If Mark Cuban is right, you should rethink your Facebook marketing strategy.

The post Mark Cuban wrote last week about Facebook really resonated with me.  I can’t get these words out of my head:

People go to Google Search with every intention of leaving it. They want to “engage, click an

Cuban was actually ranting about Facebook’s new policy of charging brands to reach the followers they’ve worked hard to collect, but that’s a different story.  What I can’t stop thinking about is:d leave”.  On the exact opposite side of the spectrum, people go to FB with the expectation that it is very likely they will stay on FB for an extended period of time. In fact we spend more than 26 minutes per day on FB. As this study said, FB is an alternative to boredom. FB is far more like TV than it is Google Search.

If Facebook is like TV, should our Facebook ads act more like TV Ads?Is Facebook advertising interruption marketing?

I disagree with Cuban that Facebook is just a time-waster; people spend time on the network to connect with family and friends, for entertainment, for product reviews, political discussion and for a zillion other reasons.  We ENGAGE  on FB; it’s a whole lot more than just plunking your rear down in front of Jersey Shore for some good old fashion television escapism.  Watching  TV is a passive experience, unless you’re in my family and you enjoy shouting at Jeopardy.

But Cuban’s right, using Facebook is not the same as searching on Google.  Your Facebook follower is not on the network to seek out a product; flashing PPC ads won’t work – they’re far too intrusive.

So, if we agree that a Facebook user is engaged and interacting, unlike TV, but not specifically ‘shopping’ for something, like someone using search, how do you craft an effective post to grab their attention without being annoyingly intrusive?  And that is the $64,000 question.

The answer: differently than either TV or PPC.  I know, some help that is, right?

It’s a difficult question to answer because there are a whole host of additional questions that have to be answered before you even begin to get creative:

  • Who is your target customer?
  • Are they on your page?
  • What other networks do they hang out on?
  • What problems can you solve for them?
  • What are their biggest complaints about what they’re using now?
  • What have they reacted to positively in the past?
  • What pisses them off about Social Marketing?

Creating any effective ad is tricky, difficult work. Crafting an effective one for Facebook can be even more complex because the space is still so new and ever changing.  The honest answer is that you really have to know your customer to get it right.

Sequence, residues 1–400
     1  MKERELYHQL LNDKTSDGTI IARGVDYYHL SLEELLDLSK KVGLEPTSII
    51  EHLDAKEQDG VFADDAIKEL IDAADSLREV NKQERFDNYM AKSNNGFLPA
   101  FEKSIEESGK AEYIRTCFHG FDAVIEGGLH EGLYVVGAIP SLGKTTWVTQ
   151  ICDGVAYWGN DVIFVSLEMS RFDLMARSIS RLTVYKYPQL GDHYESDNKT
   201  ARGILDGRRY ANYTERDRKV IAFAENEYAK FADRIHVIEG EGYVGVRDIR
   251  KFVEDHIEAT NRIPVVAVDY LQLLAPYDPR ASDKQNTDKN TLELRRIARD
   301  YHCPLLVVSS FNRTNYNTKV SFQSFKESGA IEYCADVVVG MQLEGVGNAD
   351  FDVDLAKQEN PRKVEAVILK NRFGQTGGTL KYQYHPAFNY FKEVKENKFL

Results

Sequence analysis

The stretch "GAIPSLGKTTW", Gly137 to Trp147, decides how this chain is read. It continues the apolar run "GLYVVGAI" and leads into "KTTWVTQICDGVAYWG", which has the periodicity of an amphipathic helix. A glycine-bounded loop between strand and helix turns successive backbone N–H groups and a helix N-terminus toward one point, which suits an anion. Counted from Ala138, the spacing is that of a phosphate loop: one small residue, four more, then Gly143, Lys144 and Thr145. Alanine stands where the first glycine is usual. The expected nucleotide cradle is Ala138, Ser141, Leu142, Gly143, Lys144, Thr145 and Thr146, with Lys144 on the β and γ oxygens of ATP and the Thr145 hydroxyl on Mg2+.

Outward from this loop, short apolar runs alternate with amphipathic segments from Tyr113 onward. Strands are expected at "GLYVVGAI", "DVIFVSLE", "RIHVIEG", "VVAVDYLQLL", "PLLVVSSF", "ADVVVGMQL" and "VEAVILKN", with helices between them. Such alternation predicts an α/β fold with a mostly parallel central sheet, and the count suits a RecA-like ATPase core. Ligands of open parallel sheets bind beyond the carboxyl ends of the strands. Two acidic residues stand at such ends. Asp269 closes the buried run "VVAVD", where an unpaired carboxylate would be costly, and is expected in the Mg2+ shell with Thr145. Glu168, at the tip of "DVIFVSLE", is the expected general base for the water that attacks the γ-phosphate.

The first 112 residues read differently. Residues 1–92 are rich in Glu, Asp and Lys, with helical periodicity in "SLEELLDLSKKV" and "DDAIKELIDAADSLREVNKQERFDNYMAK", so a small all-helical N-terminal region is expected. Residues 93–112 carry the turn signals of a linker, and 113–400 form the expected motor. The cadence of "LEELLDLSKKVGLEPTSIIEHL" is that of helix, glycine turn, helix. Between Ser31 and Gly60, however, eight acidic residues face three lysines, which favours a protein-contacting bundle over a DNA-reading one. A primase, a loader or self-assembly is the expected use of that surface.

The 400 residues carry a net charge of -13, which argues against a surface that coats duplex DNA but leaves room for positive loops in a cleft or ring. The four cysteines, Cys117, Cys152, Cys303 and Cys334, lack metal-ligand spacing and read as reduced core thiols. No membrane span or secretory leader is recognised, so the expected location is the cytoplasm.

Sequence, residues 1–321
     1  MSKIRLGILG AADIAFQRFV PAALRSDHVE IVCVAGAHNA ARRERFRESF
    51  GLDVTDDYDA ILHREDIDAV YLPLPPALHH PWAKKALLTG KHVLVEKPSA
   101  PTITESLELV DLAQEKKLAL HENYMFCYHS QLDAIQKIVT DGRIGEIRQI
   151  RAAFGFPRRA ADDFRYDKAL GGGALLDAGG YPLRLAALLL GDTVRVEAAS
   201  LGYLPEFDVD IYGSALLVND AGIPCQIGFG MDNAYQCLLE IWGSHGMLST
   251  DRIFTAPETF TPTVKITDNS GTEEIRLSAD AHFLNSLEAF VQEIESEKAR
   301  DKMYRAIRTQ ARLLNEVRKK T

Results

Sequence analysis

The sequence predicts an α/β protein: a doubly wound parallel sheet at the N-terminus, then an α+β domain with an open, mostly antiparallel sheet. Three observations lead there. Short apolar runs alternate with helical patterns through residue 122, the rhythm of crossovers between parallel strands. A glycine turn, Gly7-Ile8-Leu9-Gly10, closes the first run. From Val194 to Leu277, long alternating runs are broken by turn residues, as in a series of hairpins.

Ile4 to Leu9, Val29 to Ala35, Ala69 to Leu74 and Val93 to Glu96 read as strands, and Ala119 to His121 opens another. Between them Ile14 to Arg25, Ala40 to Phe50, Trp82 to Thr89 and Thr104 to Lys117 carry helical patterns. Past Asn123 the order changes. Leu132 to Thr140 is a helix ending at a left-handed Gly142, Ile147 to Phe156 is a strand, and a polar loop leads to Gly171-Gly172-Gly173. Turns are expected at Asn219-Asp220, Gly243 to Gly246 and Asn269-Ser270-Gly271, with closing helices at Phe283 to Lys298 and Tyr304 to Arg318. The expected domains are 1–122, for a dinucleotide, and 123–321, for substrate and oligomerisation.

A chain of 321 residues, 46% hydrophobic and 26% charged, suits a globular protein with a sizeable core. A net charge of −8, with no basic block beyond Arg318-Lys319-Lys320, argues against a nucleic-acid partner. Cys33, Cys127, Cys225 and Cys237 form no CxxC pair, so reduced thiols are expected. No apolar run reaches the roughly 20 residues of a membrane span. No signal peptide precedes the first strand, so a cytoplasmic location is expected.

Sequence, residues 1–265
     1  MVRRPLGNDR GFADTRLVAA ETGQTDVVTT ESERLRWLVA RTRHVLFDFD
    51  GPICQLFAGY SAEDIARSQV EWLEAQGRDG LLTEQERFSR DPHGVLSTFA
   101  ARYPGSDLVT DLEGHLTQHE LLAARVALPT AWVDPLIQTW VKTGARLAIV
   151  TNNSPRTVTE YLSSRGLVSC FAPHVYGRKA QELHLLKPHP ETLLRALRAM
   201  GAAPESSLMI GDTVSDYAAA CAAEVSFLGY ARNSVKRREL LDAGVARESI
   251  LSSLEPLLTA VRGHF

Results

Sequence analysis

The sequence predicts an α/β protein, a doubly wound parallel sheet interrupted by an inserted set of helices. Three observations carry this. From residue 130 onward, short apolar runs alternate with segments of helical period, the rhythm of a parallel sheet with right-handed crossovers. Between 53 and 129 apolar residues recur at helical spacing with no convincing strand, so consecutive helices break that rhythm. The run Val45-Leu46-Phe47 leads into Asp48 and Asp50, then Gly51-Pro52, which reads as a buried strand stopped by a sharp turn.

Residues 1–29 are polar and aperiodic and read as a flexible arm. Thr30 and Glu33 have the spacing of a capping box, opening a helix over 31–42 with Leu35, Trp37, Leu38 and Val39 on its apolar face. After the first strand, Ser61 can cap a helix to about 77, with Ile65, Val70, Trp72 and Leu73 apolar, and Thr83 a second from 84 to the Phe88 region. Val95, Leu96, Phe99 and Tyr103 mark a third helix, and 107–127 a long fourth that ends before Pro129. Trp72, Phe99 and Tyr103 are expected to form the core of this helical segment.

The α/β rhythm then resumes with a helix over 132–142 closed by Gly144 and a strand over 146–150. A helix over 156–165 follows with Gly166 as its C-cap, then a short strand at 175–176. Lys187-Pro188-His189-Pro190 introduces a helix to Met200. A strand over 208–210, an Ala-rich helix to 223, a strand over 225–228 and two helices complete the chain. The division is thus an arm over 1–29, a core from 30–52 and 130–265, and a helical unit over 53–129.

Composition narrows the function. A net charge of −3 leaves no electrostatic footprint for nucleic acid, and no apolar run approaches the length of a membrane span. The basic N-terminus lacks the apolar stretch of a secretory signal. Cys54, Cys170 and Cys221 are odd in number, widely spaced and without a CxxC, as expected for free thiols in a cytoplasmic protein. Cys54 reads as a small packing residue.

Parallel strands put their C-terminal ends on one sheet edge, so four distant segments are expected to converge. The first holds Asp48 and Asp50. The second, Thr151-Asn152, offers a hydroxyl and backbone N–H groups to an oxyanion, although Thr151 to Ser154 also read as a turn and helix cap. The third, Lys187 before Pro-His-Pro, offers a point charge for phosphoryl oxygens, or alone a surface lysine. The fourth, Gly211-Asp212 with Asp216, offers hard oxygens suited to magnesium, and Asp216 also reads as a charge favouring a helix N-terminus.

• Ken Mueller

    Good stuff here in your analysis, but Cuban is wrong on a lot of counts. He doesn’t get it because he is approaching it with the wrong mindset. And the numbers about Facebook in that Huffington post and a lot of the studies are seriously skewed, and leave out some important information. I thought this article was pretty good in assessing Cuban’s statements: http://pagelever.com/fact-check-why-mark-cuban-is-wrong-about-facebook/

    I think with the right strategy, the right (minimal) expenditure, Facebook can be an incredible part of a fully integrated marketing campaign. Dang, i feel a rant coming on.

    • AmyMccTobin

      Oh.. I know he was outraged about having to pay for access to his own fans… but I was zeroing in on the “FB is more like TV than Search” statement. It’s thought provoking, although not accurate.

  • http://twitter.com/leaderswest Jim Dougherty

    Great analysis, Amy!  I think his point about the similarity between Facebook and television is resonant not only because there’s evidence that one replaces the other in free time expenditure, but also because of how people respond to advertising.

    To Ken’s point, I think that Pagelever article perpetuates the social mythology of Facebook which is that it is good because lots of people use it.  I think Cuban’s point about Pagerank is important – what’s the point of spending money to accrue fans if you just have to pay everytime you reach them?  Jason Falls left a comment on that post which intimates that Pagerank is tantamount to blackmail, which is probably appropriate in the context of the original promise of Facebook Pages.  But that aside, businesses do have to pay for reach and the question of whether that is a practical use of marketing dollars is valid.

    Cuban is a bit of a hot head and his words (like “time waster”) are meant to be provocative, but the core of what he’s saying resonates because he’s talking about a general degradation of user experience and of change of their marketing tools.  

    • AmyMccTobin

      I understand his rage at FB for the pages – and with the ruling on Twitter today it will be interesting how this pans out. Lots of business spent lots of resources building their fan base only to have FB hold it hostage.  

      But I was more fascinated by the Time Waster comment, and how it IS not like search. But it’s not like TV either, not really.  It made me think hard about the mental state my followers are in when they’re on the network… and when someone makes me think it’s a good thing.

  • http://twitter.com/geoffliving Geoff Livingston

    I think Facebook is toast if they don’t redirect in six months, seriously. Welcome to the big blue dwindle.

    • AmyMccTobin

      I don’t know Geoff… this paying to reach your own fans is definitely a huge issue, but I wouldn’t be surprised if they changed course.  And, when you say it’s going to be toast, for whom?  For big companies spending $$ in there? Making FB less profitable?  I can’t imagine 1 billion people just leaving… for so many it’s a communication tool.  Maybe not for us – the marketing geeks…. but most of my friends on FB use it purely socially.